Sir Eugene GOOSSENS (1893-1962)
Phantasy Concerto, Op.63 (1946-48 rev 1958) [28:44]
Symphony No.2, Op.62 (1942-45) [39:28]
Tasmin Little (violin)
Melbourne Symphony Orchestra/Sir Andrew Davis
rec. 2018/19, Robert Blackwood Hall, Monash University, Melbourne, Australia CHANDOS CHSA5193 SACD [68:21]
London born Sir Eugene Goossens (1893-1962) was one of a number of renowned conductors whose prowess on the podium somewhat overshadowed their compositional endeavours. Others in the same boat include Furtwängler, Klemperer, and Weingartner, to name just three. He hailed from a musical dynasty, the son of the Belgian conductor and violinist Eugène Goossens. He had a brother Leon who played the oboe and two sisters, Sidonie and Marie, who were harpists. Following studies at the Royal College of Music in violin, piano, theory and composition, the latter with Sir Charles Stanford, he launched his career as a violinist in the Queen’s Hall Orchestra. He got into conducting via Sir Thomas Beecham, and soon gained a reputation for mastering difficult scores. In 1923 he travelled to the States and took up a post as conductor of the Eastman-Rochester Orchestra. From 1931-1946 he conducted the Cincinnati Symphony Orchestra. Then in 1946 a new phase of his career opened up in Australia, as Chief Conductor of the Sydney Symphony Orchestra and Director of the New South Wales Conservatorium of Music, where he remained until 1956. His last years were spent back in the UK under the shadow of scandal. His compositional oeuvre consists of two operas, orchestral, instrumental, choral and chamber works.
The Phantasy Concerto for violin and orchestra was written between 1946-1948 for Jascha Heifetz, fulfilling a promise he'd made to the violinist in the early 1930s. Throughout his life, Heifetz commissioned many concertos from composers, but several, like this one, were rejected on the grounds that they didn't provide enough scope to showcase his virtuosity. It was left to Tessa Robbins to premiere the work in a BBC broadcast in July 1959 after Goossens had "polished it". The first concert performance took place in September the following year at the Proms, again with Robbins as soloist. Since that time it has fallen into obscurity. So here we have the first commercial recording. Though in four movements, the work conforms to W.W. Cobbett's 'phantasy' arch structure "in which the outlines of the constituent movements are encompassed within a single span". The violin enters the fray immediately with soaring rhapsodic lines, leading into a sequence of contrasting episodes. The Scherzo is nimble, lightly textured and waspish. Holst's Venus from The Planets is echoed in the slow movement. There's a glacial stillness with diaphanous scoring supporting the violin's melancholic wanderings. In the finale, the Spanish Jota adds some rhythmic bite, and a romantic second subject provides some contrast, leading to a brief cadenza. The work could have no better advocate than Tasmin Little, who delivers a virtuosic and idiomatic performance, ably supported by Davis and the Melbourne players.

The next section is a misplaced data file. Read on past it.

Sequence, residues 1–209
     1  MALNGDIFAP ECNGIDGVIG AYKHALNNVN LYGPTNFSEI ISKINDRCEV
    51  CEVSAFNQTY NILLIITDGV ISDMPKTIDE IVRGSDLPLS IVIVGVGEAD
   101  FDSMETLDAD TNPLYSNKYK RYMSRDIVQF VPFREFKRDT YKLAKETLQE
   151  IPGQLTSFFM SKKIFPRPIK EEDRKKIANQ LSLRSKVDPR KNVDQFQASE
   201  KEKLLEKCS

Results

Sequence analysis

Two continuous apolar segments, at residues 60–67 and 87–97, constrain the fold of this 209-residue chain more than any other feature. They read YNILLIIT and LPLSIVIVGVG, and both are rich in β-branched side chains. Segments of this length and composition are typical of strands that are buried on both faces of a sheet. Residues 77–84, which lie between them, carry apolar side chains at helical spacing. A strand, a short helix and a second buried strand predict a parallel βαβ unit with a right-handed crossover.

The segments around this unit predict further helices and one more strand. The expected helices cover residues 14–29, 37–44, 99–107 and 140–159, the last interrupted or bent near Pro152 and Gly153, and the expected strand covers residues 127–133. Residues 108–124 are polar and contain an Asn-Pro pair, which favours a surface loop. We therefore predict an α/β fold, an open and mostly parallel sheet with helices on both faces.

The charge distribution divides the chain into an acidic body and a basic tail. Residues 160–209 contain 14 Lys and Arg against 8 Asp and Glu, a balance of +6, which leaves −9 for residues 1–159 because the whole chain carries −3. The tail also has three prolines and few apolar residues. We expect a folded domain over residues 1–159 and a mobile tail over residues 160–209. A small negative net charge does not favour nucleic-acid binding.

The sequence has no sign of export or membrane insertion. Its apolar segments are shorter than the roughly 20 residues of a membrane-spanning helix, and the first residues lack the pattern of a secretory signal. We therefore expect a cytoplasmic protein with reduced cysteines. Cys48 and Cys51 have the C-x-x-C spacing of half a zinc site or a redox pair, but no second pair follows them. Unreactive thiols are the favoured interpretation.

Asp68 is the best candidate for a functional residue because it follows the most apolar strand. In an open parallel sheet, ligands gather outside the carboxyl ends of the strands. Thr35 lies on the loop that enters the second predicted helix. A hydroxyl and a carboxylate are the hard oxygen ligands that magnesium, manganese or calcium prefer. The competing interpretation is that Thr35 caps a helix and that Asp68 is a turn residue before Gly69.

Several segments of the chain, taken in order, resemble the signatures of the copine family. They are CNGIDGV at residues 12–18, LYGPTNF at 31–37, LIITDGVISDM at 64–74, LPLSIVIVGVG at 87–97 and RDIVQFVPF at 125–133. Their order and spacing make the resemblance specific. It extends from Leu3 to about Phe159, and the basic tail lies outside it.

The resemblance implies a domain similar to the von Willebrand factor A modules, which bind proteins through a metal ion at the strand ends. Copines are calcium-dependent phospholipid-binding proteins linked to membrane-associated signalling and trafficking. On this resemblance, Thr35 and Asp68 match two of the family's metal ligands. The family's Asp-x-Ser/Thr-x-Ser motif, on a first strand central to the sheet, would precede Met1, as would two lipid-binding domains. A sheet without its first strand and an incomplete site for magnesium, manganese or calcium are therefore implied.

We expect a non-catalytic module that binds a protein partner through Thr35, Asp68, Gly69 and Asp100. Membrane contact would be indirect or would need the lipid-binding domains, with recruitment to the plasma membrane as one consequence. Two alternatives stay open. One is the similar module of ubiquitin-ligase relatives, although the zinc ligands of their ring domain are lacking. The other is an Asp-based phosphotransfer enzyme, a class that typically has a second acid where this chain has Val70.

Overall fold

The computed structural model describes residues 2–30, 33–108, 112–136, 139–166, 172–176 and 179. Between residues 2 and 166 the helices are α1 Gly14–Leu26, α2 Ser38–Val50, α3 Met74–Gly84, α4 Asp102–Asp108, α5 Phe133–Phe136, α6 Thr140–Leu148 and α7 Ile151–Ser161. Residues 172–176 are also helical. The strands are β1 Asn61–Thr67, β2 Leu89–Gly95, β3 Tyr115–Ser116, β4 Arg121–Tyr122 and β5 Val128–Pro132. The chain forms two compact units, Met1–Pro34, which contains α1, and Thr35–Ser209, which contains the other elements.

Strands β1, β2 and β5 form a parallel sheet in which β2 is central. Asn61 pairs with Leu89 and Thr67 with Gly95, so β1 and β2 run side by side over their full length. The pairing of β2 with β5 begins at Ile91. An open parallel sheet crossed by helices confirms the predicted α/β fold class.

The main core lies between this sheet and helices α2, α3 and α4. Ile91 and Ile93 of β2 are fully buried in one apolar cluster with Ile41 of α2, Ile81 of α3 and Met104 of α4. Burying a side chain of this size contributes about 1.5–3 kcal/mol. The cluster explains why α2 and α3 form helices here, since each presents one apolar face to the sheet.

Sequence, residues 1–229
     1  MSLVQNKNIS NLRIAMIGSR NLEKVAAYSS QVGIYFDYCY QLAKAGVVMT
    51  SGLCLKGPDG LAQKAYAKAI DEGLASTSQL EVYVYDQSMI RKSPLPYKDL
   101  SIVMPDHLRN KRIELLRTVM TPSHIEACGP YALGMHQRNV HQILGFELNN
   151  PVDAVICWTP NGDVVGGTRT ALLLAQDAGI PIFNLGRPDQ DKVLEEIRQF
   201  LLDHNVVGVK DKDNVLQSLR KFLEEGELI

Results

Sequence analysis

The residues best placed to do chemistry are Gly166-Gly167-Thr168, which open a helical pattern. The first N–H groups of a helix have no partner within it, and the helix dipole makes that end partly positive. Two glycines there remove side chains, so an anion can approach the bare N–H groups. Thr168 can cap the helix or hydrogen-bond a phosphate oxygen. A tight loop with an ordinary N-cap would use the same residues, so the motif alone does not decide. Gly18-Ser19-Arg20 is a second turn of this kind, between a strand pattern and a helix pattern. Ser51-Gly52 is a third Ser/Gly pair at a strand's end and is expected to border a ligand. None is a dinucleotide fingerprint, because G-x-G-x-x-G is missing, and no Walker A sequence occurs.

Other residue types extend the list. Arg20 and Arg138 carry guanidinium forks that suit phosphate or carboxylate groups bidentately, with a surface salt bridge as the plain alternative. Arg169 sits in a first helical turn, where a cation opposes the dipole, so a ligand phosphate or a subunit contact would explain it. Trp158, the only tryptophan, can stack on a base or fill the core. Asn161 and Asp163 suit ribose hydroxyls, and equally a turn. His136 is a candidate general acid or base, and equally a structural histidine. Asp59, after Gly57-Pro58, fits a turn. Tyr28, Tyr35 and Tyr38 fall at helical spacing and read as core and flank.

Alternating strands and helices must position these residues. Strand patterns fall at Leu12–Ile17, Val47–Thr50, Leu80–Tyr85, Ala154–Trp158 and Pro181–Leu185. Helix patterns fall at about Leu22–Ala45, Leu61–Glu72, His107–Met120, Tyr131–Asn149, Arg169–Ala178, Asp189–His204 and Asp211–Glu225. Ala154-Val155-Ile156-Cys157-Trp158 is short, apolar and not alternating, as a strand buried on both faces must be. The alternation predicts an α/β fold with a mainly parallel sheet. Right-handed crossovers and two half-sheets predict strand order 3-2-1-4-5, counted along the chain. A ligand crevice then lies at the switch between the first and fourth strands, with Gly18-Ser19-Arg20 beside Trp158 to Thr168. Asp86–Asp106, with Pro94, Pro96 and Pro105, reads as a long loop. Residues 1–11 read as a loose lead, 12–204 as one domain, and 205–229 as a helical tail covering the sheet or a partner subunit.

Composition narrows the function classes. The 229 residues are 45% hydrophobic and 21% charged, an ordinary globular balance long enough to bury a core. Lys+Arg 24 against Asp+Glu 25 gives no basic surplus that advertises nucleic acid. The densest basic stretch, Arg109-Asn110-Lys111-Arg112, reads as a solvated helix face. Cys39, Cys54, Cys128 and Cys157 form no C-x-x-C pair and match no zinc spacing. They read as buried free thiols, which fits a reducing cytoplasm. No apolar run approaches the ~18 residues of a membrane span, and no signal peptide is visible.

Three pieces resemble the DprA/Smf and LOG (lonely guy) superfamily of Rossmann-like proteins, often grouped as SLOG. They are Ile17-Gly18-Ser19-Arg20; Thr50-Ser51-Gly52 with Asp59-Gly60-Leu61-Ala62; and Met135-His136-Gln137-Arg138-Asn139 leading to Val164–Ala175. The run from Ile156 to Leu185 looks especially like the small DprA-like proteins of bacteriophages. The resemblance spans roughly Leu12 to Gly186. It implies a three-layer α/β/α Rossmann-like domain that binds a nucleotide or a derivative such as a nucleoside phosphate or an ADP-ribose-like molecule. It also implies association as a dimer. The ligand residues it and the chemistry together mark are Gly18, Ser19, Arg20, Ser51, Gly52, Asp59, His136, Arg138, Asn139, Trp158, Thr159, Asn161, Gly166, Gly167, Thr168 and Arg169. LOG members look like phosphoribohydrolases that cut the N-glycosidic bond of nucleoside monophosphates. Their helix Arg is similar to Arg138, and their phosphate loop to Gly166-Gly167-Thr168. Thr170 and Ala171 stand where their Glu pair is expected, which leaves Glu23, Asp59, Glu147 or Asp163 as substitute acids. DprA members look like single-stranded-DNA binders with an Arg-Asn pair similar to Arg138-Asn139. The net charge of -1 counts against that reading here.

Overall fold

The Second Symphony was written between 1943-1945 and was dedicated to Goossens’ third wife, Marjorie. Coming at the time it did, it reflects the conflict and anxiety of war. Once again, it was premiered in a BBC broadcast on 2 November 1946, in a performance by the BBC Symphony Orchestra with the conductor himself at the helm. The opener is brooding with a forceful sense of portent. Throughout the movement, the restless undercurrents never stray very far from the surface. More serene lyricism does creep in from time to time. Nostalgic calm informs the slow movement, where the folksong ‘The Turtle Dove’ and snatches of birdsong mingle with more dissonant elements. The Scherzo has a military flavour, suggested by pizzicatos and side drum snares. Dark, doleful and sombre, the mood of the first movement makes a return visit in the finale. Again a militaristic element reinforces the ominous and foreboding mien of this uneasy and troubled score. Davis achieves fluency, potency, precision and a compelling sense of frisson from the orchestral players.
By my reckoning, this is the third volume in Chandos’ on-going Goossens series (review ~ review), performed by the Melbourne Symphony Orchestra, with the previous issues garnering enthusiastic endorsement from our reviewers. This latest release is no exception. The sound is gripping and full of pull and punch, and Lewis Foreman's booklet essay, in English, French and German, is packed with detailed information. For those not familiar with the other volumes in the series and encountering Goossens’ music fresh, this compelling release will steer the aspiring supplicant on the right path.
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